It was an opportunity too good to miss when the wind dropped a little overnight, so I planned a visit to Out Rawcliffe to ring the nest of Willow Warbler chicks and if the wind allowed, put a few nets up. I looked in my notebook to recall my last mist netting session before the holiday in Menorca and the later spell of atrocious weather back home and found it was exactly a month ago on 25th April. So with a couple of nets up and a little luck I might catch a few birds missed in the intervening period, new and late arrivals both.
Newly in since our early May visits were Garden Warblers, with 2 singing loudly from the ideal for them, more wooded part of the planation, and I caught one of the two. Other new birds caught were 2 Whitethroat and 2 Sedge Warbler plus a fine male Blackbird.
Recaptures were 3 Willow Warbler, 1 Sedge Warbler and 1 Whitethroat, all the Willow Warblers with previous histories from 2008, 2009, 2010 and early season 2011.
The Garden Warbler is probably a bit of a birder’s bird and a favourite of mine, so subtle in its shades of green, grey and yellow, so always immaculate, untroubled and calm in the hand. It is a difficult species to see well in its woodland habitat, and in bird books and guides it is often cruelly described as best recognised by its lack of field characteristics! Also because of what are to some people its unremarkable looks, the unfortunate Latin name Sylvia borin can become a source of jokes. However, to those in the know the Garden Warbler is anything but boring.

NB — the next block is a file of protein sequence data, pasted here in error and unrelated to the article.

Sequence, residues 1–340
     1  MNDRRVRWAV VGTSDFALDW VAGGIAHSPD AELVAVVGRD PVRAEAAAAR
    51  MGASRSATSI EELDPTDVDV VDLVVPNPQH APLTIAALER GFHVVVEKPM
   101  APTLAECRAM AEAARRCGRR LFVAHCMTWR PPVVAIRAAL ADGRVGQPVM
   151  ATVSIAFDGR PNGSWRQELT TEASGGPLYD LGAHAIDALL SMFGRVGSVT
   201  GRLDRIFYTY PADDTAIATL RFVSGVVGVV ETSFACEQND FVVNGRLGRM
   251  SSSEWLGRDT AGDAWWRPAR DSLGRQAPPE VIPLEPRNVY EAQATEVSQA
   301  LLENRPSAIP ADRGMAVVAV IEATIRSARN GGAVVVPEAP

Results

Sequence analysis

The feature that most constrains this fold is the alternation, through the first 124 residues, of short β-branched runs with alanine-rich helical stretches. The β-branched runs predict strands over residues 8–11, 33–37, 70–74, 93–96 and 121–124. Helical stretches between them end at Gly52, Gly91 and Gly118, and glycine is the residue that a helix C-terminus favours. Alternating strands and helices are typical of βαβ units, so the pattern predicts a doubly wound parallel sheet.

The Willow Warbler nest had 6 chicks of an ideal size to ring. Ringing nestlings gives so much more information than ringing full grown birds. With nestlings, and particularly when a nest record is completed, we know their precise age, exactly when and where they were born, the number of siblings, and sometimes the identity of their parents.
Earlier in the morning when I arrived on the farm I disturbed 2 Little Owls hunting around the farm machinery and buildings. Both used high perches and watched for prey items on the ground below, occasionally dropping down when they saw something of interest. Unfortunately I didn’t have more time to spend, so took a couple of hurried shots before heading up to the ringing spot, then I left them to their hunting.